Over the last couple national election cycles the Tea Party movement has had some successes, such as electing the likes of Sens. Marco Rubio of Florida and Ted Cruz of Texas in the face of “establishment” resistance. But the Tea Party has had notable losses. In places such as Delaware, Indiana, Missouri, Colorado, and Nevada, Senate seats that should have been easy wins for Republicans have turned into losses as Tea Party candidates who were at once too extreme for the state and also political amateurs who made glaring mistakes essentially cost Republicans control of the U.S. Senate.
We might see something similar at play in South Dakota as candidates Stace Nelson, Larry Rhoden, and Annette Bosworth each run to the right of the presumptive front runner, former governor Mike Rounds. Rounds, like many of the “establishment” Republicans defeated by Tea Party candidates, is denounced as a RINO, a Republican In Name Only, i.e., not a true conservative.
Those who throw around that RINO phrase might gain from a little historical perspective. Looking at the U.S. Senate in 1985, a year when Republicans had a majority in the U.S. Senate, is illustrative. Republicans in the Senate that year included the likes of Mark Hatfield, Nancy Kassebaum, Lowell Weicker, Robert Stafford, John Chaffee, John Heinz, Arlen Specter, David Durenberger, and more. All of these Senators were honest-to-goodness moderate and even liberal Republicans.
In that year of 1985 fully twenty Republicans were rated by the American Conservative Union as voting conservative less than 70 percent of the time. More telling, nine Republicans voted conservative less than half the time. Contrast that with 2012. That year only 11 Republicans voted conservative less than seventy percent of the time, while only five fell below 50 percent.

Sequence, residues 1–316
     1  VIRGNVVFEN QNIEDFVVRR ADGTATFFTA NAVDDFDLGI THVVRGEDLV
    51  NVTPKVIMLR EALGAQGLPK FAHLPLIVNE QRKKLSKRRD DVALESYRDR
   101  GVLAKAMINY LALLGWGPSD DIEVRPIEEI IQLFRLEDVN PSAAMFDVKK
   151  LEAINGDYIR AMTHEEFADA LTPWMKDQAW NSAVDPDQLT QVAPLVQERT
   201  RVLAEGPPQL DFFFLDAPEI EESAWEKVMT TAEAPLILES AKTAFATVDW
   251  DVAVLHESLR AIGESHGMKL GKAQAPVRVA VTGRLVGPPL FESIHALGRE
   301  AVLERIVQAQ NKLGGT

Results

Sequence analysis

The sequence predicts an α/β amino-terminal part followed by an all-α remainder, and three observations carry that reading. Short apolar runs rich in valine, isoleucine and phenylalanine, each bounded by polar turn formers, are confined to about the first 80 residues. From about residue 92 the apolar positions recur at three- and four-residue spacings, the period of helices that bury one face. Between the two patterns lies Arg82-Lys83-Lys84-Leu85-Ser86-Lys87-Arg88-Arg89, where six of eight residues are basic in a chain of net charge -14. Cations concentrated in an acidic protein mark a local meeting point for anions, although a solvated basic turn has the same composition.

These are one year snap shots. ACU now keeps lifetime ratings, which they did not in the 1980s. In 2012, five Republican Senators had lifetime ACU scores under 70 percent. One has to guess at 1985, but most of those 20 Republicans below 70 percent that year were consistent moderate to liberal Republicans. It is fair to estimate that at least 15 of them had lifetime ACU ratings below 70 percent.
What is the point of this exercise? The point is that as recently as the Reagan 1980s the Republican Party was considerably to the left of today’s party. Even if Mike Rounds is in the middle of the Republican Party today, he would be significantly to the right of the typical Republican senator of the 80s.
Tea Party voters should realize that there is more to politics than simply taking the right positions. You are also supposed to actually accomplish things. The art of legislation is the art of compromise. Folks who cannot or will not compromise will not actually accomplish any of their goals.
Further, Tea Party voters should take stock of how far right the Republican Party has moved. The fact that a conservative like Mike Rounds is now considered by some to be “moderate” is a victory to be celebrated, not a cause to purge the ranks of all who are not pure.
Jon D. Schaff is a professor of political science at Northern State University in Aberdeen. His opinions are his own, not those of the university.